A visit to Cuban history: Next Year In Havana


I’ve been lucky enough to escape cold weather waiting in London, going through my unread summer books lately πŸ™‚ This one took me by surprise, so I couldn’t resist writing a review right away. Although it was quite hyped, somehow I didn’t expect this book to affect me this much.

“Havana is like a woman who was grand once and has fallen on hard times, and yet hints of her former brilliance remain, traces of an era since passed, a photograph faded by time and circumstance, its edges crumbling to dust.’

This book is definitely the type of historical fiction I love. It’s set in Cuba & filled with lots of information about history, the location, the culture so that Havana appeared in front of my eyes when I was reading it. Unfortunately, Cuba stayed like a postcard from history because of its regime and the restrictions applied to its people.

It’s set in Havana in two different times, 1958-59 and 2017. We go back and forth between two narratives. One from Elisa, who is Marisol’s grandmother, and recently passed away. This part of the story represents the past that leads up to the revolution done by Fidel Castro. The other narrative is from Marisol in 2017, when she’s visiting Cuba for the first time to bring back the ashes of her grandmother due to her wish. They escaped to the US in the first days of the revolution, thinking they will come back when things go back to normal.
I think this book does an excellent job of representing Cuban history, people and culture on so many levels. I’m saying this as a beginner to Cuban history though, I didn’t know much except the basics πŸ™‚ The information provided in this book really surprised me positively. I really appreciate how it was woven into the stories of the families and told through different characters. This makes Cleeton a very good historical fiction writer.
I learned so much more about the period that lead to the revolution, the reasons behind it and the results. It touched my heart to read how people suffered under 2 different regimes, one worse than the other. Cleeton reflected these with great emotion seeping through the pages, I was really rooting for Cuban people, especially Elisa and others who were innocently affected majorly.

Cleeton’s structure that has Marisol visit her country for the first time allowed the reader to gave a glimpse into the country from the eyes of a tourist, but a tourist who is actually local. This was a really interesting point of view, because we had the opportunity to see the perspective of a young generation see the realities of new Cuba, how changes were really slow and actually the people still very suppressed. I felt for Marisol who rooted for her country, wanted to love it. But, at the same time, being thankful that she didn’t grow up there without any freedom.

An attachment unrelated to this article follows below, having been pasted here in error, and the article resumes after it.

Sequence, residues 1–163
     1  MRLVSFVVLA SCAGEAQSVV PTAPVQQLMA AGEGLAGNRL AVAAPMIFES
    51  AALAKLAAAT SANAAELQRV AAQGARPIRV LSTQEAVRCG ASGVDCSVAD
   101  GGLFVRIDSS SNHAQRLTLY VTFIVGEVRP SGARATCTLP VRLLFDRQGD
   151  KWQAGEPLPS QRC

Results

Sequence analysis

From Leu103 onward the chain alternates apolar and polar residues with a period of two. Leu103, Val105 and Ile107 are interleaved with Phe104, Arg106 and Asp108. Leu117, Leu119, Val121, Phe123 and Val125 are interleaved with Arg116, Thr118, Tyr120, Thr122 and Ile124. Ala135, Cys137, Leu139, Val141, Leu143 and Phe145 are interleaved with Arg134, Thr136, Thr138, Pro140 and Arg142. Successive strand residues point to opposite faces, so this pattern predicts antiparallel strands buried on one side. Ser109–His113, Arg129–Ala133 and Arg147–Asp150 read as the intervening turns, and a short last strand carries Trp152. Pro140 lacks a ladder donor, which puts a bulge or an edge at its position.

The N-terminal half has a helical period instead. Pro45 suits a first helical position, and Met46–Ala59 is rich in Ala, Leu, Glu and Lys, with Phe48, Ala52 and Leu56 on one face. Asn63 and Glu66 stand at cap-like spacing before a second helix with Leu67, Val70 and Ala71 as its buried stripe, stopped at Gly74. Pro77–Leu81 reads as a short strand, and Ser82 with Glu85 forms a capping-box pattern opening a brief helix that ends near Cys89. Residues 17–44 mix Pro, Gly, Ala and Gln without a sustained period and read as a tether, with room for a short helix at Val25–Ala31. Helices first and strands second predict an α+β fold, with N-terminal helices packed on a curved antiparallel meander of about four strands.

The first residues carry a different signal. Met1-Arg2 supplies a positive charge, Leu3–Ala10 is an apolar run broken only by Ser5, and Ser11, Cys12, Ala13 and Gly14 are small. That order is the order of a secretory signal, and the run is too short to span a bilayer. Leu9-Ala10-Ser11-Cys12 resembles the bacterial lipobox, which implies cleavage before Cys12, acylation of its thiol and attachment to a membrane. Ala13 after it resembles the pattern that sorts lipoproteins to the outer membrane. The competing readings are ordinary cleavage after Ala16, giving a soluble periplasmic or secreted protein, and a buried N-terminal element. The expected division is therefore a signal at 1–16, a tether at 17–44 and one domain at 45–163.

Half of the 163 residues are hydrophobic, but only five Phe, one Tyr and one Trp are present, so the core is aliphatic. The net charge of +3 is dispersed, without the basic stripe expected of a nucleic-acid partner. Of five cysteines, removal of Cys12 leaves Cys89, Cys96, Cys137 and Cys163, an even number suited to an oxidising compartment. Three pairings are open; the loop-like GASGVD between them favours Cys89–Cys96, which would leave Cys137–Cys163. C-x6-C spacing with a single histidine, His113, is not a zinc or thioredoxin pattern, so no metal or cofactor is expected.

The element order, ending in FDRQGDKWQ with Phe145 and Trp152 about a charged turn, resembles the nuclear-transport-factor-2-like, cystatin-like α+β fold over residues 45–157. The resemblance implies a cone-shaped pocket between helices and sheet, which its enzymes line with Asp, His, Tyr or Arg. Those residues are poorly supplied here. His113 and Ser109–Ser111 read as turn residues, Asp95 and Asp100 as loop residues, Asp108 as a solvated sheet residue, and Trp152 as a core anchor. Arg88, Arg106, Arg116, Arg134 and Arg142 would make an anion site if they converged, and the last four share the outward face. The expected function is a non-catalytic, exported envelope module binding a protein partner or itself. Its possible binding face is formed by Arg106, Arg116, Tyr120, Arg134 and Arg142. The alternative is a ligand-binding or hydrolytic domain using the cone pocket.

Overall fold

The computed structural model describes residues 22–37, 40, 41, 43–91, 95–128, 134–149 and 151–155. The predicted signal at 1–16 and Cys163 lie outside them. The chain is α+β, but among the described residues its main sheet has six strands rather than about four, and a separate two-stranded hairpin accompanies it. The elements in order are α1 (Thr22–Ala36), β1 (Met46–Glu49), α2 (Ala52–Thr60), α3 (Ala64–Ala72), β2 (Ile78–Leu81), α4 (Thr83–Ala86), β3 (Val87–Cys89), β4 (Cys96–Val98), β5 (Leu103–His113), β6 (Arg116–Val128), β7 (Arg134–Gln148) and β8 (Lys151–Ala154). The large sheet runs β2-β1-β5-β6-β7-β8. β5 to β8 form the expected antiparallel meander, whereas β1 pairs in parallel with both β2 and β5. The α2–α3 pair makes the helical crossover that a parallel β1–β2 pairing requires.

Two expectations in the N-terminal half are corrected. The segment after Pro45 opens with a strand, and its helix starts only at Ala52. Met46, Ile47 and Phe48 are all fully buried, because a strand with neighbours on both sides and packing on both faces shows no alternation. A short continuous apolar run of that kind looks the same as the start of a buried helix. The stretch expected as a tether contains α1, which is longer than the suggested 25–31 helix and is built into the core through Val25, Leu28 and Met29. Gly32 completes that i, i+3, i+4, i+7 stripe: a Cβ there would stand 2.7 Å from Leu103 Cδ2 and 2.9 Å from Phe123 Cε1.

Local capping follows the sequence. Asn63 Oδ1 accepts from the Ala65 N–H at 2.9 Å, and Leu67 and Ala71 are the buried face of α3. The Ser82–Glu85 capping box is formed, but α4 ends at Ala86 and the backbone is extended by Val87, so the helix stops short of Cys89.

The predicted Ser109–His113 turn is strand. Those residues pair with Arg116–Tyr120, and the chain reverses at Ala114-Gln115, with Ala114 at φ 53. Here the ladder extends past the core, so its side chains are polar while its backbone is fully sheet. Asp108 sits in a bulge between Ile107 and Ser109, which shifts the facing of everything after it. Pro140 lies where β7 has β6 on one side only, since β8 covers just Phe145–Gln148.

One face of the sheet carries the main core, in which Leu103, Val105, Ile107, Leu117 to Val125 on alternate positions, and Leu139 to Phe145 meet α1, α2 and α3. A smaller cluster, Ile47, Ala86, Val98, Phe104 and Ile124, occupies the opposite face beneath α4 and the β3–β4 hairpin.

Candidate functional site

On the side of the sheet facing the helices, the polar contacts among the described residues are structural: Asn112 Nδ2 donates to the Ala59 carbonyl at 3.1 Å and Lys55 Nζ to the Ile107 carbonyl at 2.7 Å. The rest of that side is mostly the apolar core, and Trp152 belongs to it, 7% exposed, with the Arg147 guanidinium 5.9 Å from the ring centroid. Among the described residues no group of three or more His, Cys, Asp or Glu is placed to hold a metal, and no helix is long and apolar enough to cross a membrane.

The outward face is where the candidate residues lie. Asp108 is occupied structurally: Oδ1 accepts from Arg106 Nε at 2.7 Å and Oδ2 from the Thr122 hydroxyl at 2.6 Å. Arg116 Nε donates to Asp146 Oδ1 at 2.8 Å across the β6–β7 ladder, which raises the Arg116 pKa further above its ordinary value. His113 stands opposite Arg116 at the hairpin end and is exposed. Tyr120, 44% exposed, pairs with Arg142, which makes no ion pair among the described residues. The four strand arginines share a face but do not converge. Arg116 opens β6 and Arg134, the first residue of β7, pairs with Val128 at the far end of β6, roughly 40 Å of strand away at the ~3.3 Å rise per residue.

All the characters created in the book actually served different point of views for us to see the reality from different people who experienced the revolution and had a different fate.
Ana, Pablo, Luis, Beatriz…People who were wealthy, but lost everything. Ones who left, ones who stayed. Ones who actually contributed to this change of regime, but saw that it all caused different problems.
I admire this careful construction and cast of characters, so that we could look at the incident more broadly. It also allowed the history of Cuba to be told from the perspective of its people with a lot of emotion and subjectivity, which I loved. Now in my eyes, there’s a romantic Cuba that’s beautiful, full of opportunities, people who are hopeful, etc. But, also there’s a very dark side to Cuba with its lost people, lost generations, lost hopes, still struggling. It’s a very sad example of how people’s ambitions affect a whole population.

Yet, I would love to visit Cuba, I always did. But, this book made me feel even more passionate about it. And, for sure I’ll have more background in my mind that will be valuable while visiting some places.
I was so fascinated by the detailed history and people’s experiences that, probably, the love stories for me were the least important parts of this book. It certainly added some excitement to the story, but for me they weren’t at the center for sure.

My favourite sentence from the book that summarises what happened in Cuba, and its regime is:
“All people are equal, but some are more equal”

Well, eventually the people who claimed they were saving Cuban people from tyranny and bringing them freedom, let them down massively.

Finally, I really liked the writing as well. It was very smooth, flowing nicely. I never wanted to put it down, and read it in a short period of time. There was also a kind of romantic tone to it with beautiful descriptions of nature, food, and ambiance. It was also the perfect length in my opinion, and wrapped up nicely.
If you’re interested in learning history through fiction, if you like romantic stories, books in different settings that give you a glimpse of other cultures, this book is really good. highly recommended. I gave it 4.5 stars.
There’s a sequel to this one called When We Left Cuba, that’s centered around Beatriz, who’s actually one of the most interesting unexploited characters of the book. So, I’m so glad Cleeton wrote the story of her and I’ll definitely pick it up right away.

That’s all from me today. I hope you enjoyed it. As always, I’d love to hear from you if you read this book, or planning to. Happy reading!


3 thoughts on “A visit to Cuban history: Next Year In Havana

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